Surging glaciers can sometimes divide a lake or fjord into two parts, creating
a hazardous situation. In May 1986, and again in 2002, the advancing Hubbard
Glacier in Yakutat Bay, Alaska, blocked the entrance to Russell Fjord (lower
right in image). Dammed meltwater from surrounding glaciers raised the fjord's
water level by up to 82 feet above sea level before the ice dam failed on
October 8 of that year. In spring 2002, the advancing Hubbard Glacier again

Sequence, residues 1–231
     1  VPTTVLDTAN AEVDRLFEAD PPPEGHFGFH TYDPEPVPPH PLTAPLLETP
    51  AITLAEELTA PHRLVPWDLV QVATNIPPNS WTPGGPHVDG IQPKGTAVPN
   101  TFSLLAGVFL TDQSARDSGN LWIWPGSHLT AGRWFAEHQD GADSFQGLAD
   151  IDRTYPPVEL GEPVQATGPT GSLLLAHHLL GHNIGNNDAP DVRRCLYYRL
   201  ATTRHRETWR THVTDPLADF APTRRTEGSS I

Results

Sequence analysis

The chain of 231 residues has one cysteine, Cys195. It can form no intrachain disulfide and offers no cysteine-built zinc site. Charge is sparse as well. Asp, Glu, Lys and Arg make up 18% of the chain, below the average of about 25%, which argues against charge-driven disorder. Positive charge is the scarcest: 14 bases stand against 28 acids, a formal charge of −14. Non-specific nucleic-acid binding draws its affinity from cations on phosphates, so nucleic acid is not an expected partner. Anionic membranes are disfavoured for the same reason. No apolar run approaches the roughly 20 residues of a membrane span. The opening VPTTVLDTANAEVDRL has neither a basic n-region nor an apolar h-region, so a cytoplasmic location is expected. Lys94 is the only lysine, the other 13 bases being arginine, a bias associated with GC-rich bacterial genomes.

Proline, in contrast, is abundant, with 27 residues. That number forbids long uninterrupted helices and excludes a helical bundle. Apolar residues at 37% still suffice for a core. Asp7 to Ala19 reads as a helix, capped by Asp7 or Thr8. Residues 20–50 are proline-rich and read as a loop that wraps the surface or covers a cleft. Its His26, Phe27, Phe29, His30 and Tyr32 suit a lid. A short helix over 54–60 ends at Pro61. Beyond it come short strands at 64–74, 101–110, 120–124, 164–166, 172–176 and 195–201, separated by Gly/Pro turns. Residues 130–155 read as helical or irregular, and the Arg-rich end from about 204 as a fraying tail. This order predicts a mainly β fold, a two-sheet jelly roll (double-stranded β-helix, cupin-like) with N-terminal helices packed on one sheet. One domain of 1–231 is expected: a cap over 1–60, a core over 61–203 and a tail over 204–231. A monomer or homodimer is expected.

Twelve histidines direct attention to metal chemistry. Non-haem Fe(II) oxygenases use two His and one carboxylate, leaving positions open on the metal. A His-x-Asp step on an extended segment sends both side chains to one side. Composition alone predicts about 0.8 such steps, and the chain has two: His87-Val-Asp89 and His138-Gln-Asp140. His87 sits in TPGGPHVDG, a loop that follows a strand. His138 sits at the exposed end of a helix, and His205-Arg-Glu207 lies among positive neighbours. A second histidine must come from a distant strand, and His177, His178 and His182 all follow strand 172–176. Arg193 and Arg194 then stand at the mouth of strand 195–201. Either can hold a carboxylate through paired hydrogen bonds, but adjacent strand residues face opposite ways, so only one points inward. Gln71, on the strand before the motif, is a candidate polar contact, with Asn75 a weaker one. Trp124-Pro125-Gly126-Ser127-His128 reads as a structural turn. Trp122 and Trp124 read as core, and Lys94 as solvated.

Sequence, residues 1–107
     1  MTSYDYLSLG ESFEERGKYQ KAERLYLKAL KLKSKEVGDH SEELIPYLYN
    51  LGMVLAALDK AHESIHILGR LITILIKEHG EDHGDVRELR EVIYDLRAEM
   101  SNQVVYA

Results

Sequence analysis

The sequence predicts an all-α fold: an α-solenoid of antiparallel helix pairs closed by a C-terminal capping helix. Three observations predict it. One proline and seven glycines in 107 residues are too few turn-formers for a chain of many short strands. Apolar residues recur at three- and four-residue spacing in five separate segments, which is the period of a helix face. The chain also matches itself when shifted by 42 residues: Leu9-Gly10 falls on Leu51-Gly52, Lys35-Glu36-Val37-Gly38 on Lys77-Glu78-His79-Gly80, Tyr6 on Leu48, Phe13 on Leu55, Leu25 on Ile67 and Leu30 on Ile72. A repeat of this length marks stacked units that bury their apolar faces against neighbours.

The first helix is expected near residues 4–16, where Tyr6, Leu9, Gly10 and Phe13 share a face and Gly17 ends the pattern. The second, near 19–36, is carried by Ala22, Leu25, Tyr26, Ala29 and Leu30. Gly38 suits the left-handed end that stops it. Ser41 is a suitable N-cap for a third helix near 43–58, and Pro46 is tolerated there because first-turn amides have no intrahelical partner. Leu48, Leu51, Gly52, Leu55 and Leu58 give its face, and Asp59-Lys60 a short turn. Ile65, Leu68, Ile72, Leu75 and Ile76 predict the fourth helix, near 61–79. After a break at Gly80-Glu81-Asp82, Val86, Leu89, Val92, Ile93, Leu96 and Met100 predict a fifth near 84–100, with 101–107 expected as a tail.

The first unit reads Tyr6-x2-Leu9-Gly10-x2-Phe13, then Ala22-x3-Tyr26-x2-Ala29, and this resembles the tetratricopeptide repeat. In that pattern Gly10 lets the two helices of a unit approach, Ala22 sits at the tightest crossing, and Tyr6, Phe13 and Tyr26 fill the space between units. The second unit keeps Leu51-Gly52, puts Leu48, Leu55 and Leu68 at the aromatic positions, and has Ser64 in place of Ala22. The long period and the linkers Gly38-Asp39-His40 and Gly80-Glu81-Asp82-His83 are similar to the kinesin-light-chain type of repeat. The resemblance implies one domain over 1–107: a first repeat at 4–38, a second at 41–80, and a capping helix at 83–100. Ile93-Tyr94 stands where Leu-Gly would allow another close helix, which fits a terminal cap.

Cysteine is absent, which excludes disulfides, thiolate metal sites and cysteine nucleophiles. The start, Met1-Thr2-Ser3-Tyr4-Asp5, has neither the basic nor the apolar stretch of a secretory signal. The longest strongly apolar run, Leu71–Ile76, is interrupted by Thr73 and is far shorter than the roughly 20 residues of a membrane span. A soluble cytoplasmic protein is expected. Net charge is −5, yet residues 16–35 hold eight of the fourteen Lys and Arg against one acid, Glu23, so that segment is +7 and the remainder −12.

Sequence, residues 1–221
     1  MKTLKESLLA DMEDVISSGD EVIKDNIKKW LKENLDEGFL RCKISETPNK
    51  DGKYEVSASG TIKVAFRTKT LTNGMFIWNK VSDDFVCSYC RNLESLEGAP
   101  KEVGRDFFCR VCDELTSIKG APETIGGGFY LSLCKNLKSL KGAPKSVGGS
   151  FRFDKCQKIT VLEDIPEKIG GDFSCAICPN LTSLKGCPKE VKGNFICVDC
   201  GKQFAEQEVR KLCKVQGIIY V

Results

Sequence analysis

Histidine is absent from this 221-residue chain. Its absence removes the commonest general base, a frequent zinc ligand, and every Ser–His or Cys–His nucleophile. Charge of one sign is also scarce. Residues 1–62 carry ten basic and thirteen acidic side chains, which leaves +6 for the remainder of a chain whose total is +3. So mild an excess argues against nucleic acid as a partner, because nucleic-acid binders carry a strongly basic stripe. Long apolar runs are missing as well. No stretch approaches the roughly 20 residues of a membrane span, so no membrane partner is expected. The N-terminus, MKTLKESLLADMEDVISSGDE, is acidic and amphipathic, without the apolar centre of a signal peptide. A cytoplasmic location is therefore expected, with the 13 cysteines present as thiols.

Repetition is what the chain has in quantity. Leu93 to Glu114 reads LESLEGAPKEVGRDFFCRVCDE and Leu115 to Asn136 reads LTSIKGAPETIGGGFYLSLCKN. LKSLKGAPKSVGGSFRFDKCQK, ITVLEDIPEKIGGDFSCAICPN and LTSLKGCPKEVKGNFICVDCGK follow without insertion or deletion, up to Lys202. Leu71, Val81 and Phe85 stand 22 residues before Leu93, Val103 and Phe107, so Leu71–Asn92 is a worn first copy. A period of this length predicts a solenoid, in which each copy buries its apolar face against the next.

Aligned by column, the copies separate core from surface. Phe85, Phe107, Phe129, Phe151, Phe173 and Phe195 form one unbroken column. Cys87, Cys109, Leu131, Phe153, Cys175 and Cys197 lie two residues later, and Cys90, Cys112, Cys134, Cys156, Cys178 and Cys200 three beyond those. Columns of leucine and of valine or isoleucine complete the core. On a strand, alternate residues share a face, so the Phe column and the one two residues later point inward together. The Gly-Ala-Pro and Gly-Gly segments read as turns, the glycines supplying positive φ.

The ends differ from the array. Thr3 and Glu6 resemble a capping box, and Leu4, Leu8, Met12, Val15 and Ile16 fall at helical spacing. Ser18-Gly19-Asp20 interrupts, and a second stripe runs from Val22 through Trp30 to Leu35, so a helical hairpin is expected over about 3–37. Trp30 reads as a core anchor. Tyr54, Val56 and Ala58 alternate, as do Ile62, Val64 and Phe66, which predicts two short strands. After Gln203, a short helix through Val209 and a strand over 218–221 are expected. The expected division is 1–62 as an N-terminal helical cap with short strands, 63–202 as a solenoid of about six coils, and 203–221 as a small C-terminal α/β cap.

closed the opening between Disenchantment Bay (lower left) and Russell Fjord.
The level of the ice-dammed fjord increased by nearly 66 feet. On August 14,
2002, the dam broke, reestablishing the connection to the bay. Since no one
lives directly downstream, both breaks caused only natural damage. A major
hazard would develop, however, if the Hubbard ever permanently blocked Russell
Fjord. This could lead to overflow and drainage at the fjord's back side (not
shown), which would endanger areas around the village of Yakutat.